If you care about Game of Thrones, but haven’t seen the most recent episode, stop reading now because this post will have spoilers.
If you don’t care about Game of Thrones spoilers, or you’re caught up with the show, then please keep reading.
Still here? Great.
Game of Thrones has become one of the most talked about television shows in recent years. Fans have waited with baited breath for this final season to come out, only for most of them to be disappointed. Most recently, that disappointment is due to the fiery temper of Daenerys Targaryen, Mother of Dragons, who used her last remaining dragon
to burn King’s Landing and the Red Keep to the ground. Many are calling her the Mad Queen, which brings back echos of the Mad King that Jaime Lannister famously killed. And from a mental health perspective, I wanted to explore this idea of her suddenly (or maybe not so suddenly) being the ‘Mad Queen.’
It is true that she killed thousands, maybe even millions, of innocent people after trying so hard over the last seven seasons to protect the innocent and free them from oppression. It is true that taken by itself, that doesn’t seem to make sense given her desire to protect the innocent and free downtrodden. And so, many are attributing her illogical actions, particularly given that the city had already surrendered, as a sign of madness. This makes added sense given her family’s history and given that, as Lord Varys reminds us, “every time a Targaryen is born, the Gods toss a coin, and the world holds its breath.”
It is also true that mental illness can have a family component, so if her father was the Mad King it is possible mental illness spread to her. Yet in recent episodes we saw her lose a friend and trusted adviser in Missandei, have other trusted advisers betray her, most notably Lord Varys, but also in her eyes Jon and Tyrion, and she has had her love rebuffed by Jon Snow after he found out that they were related, a fact which creates separate tension by giving Jon a superior claim to the the throne, despite his claim of not wanting it. Not to mention the recent loss of her second dragon at the hands of Euron.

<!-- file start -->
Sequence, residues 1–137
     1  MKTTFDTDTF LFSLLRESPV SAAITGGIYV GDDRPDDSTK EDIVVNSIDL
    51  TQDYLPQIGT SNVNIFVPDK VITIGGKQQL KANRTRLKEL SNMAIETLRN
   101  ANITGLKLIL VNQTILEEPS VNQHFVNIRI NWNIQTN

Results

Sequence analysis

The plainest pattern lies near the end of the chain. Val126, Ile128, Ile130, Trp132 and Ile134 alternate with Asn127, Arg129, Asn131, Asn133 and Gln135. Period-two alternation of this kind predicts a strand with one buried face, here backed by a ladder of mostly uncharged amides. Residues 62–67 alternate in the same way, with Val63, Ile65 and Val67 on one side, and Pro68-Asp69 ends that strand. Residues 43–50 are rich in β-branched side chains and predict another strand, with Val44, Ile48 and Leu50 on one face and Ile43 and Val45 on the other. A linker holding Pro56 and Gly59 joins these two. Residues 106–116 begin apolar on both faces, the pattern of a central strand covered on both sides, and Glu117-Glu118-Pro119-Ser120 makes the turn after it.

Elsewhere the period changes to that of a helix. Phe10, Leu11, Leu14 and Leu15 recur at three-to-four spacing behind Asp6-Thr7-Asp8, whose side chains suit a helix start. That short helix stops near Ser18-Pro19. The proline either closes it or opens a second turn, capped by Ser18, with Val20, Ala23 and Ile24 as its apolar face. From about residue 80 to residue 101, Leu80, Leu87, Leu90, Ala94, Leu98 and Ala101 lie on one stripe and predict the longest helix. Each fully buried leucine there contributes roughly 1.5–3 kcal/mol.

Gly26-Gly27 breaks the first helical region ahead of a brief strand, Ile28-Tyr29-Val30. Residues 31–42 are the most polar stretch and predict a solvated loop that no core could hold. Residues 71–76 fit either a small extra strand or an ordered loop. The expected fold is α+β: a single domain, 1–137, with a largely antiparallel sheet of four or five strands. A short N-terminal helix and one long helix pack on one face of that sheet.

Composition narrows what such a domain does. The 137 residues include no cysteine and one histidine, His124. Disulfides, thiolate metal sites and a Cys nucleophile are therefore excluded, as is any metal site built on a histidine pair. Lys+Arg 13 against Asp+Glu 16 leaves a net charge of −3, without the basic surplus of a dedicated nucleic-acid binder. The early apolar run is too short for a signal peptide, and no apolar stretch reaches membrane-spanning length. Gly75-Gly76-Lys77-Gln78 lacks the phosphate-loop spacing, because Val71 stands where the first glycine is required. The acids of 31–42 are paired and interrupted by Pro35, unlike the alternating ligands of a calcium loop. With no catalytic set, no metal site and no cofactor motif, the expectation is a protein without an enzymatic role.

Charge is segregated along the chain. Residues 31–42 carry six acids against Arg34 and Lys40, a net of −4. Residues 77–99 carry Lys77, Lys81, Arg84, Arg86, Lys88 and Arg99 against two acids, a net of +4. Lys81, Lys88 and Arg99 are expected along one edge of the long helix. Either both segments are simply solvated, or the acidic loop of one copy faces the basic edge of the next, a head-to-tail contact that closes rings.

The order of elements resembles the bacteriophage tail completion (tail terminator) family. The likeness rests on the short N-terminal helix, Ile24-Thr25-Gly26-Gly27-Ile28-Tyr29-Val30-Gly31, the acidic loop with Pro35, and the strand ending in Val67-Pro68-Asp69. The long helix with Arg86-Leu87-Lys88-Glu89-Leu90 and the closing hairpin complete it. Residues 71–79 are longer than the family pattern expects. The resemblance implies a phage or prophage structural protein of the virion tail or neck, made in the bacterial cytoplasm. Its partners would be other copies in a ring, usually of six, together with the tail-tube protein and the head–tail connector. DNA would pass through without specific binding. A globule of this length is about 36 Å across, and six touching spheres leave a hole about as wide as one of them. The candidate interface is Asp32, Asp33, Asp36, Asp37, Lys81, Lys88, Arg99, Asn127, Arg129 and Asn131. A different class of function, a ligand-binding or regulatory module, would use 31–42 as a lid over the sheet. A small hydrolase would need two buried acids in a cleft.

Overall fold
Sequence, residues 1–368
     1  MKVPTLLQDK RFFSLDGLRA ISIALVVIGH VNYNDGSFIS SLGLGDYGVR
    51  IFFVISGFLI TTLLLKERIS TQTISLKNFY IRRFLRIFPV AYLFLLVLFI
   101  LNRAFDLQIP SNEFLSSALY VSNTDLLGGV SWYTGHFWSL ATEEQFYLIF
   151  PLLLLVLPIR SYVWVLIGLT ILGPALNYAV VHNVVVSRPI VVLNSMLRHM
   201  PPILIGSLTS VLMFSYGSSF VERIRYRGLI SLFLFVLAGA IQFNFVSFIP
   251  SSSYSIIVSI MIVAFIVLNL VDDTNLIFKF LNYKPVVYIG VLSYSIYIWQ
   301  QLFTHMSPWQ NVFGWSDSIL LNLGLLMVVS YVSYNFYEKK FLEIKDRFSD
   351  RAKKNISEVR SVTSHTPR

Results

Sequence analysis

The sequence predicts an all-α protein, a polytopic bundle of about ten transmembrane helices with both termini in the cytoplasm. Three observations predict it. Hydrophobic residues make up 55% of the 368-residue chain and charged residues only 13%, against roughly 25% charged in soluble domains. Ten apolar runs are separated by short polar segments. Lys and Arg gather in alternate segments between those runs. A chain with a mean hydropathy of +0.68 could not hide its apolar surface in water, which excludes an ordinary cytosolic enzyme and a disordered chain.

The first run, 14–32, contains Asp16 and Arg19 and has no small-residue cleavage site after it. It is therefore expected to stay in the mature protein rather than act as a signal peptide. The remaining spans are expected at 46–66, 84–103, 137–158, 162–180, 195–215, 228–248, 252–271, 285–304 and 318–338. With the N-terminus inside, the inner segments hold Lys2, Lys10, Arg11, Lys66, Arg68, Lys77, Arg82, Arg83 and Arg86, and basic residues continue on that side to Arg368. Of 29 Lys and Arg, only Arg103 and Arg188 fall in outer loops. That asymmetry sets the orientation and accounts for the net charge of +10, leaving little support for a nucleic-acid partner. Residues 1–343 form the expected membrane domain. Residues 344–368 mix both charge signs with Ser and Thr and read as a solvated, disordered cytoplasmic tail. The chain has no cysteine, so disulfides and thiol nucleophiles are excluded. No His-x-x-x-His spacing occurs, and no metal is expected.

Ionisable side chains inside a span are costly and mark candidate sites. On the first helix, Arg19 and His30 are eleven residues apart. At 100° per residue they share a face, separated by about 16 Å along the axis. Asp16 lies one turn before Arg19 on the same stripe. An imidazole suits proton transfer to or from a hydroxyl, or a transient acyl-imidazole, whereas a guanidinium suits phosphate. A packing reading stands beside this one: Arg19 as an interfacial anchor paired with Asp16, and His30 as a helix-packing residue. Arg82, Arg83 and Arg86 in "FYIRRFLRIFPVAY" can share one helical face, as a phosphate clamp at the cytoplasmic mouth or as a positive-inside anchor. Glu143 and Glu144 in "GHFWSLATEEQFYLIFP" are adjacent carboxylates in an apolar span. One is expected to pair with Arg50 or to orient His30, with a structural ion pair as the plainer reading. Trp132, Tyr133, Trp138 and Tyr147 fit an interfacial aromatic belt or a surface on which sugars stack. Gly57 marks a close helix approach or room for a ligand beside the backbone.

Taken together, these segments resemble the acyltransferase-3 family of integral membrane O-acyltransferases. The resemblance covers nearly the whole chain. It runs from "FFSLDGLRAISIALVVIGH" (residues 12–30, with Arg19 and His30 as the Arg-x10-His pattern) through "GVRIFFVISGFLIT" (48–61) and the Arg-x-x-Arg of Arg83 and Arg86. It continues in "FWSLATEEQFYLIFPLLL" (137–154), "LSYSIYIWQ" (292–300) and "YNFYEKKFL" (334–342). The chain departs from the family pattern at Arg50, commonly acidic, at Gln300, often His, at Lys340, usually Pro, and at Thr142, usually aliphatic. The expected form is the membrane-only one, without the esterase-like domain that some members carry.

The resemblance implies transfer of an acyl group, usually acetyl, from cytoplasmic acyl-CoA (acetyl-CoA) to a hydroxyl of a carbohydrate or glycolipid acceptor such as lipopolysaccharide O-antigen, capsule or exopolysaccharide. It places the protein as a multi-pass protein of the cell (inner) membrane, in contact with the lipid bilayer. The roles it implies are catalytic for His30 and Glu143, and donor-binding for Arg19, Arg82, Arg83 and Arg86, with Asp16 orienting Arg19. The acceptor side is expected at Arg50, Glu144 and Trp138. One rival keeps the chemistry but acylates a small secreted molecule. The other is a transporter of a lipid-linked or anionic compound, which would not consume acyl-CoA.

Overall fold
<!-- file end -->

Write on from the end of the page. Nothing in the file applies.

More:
So feeling isolated, betrayed, and consumed by grief, I am reluctant to say that her actions are the work of mental illness, rather than a product of the circumstances. And while I decided to name this post ‘The Mad Queen,’ because that is what everyone will recognize, I think that name does more harm than good in the long run. Mental illness is not the same as grief or betrayal, which have logical explanations associated with them. And even if for argument’s sake it was mental illness, the moniker ‘Mad’ carries with it negative connotations such as dangerous, and unhinged. While that might work for an ambitious dragon-riding queen, it is less apt for mental illness in general.
So yes, Dany is a character spinning out of control, much to the dismay of the show’s fans (and much to Tyrion and Jon’s dismay it seems). Yet, it isn’t clear that such actions are mental illness. Even if they were, the mad name helps no one. While the show had other problems, which I won’t touch on here since this isn’t a television review, the repeated dismissal of Dany and her actions as caused by mental illness troubled me. Hopefully, such outdated and negative phrases for mental illness soon find themselves as dead as Cersei, Jaime, The Hound, The Mountain, Lord Varys, Euron, Theon, Jorah, Lady Mormont, Melisandre, and so many many more who have perished leading up to this fiery, but not mad, moment.